Townsend Godsey documented the beauty and the people of the Ozarks. Mr. Godsey left the position of Director of Information and Education for the Missouri Conservation Commission in 1941 and settled in the Ozarks to make a photographic record of primitive survivals in the hills. While making this collection of photographs of the last of the old line Ozarkers in their natural environment, he supported his family by selling illustrated articles and photo essays to magazines and newspapers and by barter, which was one of the ways of sustaining life in the hills during the days of and following the Great Depression.
In July 1938, Mr. Godsey had started the state Department of Conservation’s quarterly tabloid named the Missouri Conservationist. He earned degrees at Central Missouri State University in Warrensburg, the H. H. Herbert School of Journalism at the University of Oklahoma, and he received an honorary doctoral degree from the School of the Ozarks in Point Lookout, where for 10 years he was Vice President of Public Relations and head of the Mass Media Department.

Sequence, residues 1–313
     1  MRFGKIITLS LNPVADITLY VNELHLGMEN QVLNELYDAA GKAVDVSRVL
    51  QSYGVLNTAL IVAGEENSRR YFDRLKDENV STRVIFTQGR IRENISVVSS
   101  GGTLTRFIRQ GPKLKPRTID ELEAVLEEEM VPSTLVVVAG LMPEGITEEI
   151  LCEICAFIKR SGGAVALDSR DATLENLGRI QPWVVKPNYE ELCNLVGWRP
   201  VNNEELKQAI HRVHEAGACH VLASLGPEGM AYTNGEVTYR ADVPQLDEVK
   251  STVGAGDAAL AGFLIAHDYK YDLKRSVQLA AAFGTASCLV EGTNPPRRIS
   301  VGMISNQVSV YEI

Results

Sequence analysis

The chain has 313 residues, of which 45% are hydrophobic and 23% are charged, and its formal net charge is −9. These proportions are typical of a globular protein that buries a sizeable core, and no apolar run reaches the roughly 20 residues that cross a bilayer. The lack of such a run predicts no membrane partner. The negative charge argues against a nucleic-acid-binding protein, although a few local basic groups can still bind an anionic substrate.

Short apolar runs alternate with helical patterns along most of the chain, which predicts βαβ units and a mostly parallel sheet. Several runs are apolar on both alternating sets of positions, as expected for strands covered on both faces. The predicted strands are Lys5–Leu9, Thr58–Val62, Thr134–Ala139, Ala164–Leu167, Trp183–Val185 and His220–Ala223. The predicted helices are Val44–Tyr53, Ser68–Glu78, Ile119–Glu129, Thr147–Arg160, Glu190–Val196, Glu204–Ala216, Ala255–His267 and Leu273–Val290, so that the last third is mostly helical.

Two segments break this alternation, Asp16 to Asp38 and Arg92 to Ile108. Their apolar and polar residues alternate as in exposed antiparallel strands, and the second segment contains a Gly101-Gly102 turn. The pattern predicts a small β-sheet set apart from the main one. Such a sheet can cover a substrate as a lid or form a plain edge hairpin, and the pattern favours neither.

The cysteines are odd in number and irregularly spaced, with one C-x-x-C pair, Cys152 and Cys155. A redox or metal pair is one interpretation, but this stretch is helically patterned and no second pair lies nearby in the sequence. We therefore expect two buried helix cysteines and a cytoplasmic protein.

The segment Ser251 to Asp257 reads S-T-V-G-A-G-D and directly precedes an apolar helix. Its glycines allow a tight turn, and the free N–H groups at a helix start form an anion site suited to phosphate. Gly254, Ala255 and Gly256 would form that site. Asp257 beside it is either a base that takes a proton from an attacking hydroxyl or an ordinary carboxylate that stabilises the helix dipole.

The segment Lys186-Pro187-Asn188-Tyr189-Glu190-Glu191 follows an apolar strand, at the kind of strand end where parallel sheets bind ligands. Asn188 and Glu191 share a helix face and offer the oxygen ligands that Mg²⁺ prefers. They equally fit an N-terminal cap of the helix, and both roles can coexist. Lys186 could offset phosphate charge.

His teaching career included years at Stephens College in Columbia, the Fred Archer School of Photography in Los Angeles and the University of Oklahoma. Mr. Godsey’s photographs of the Ozarks were published in the book These Were the Last. His wife, Helen, co-authored the book’s introduction. He was the author of more than 500 photo features and articles, 20 plays, three books and three films. Several of his photographs won national awards.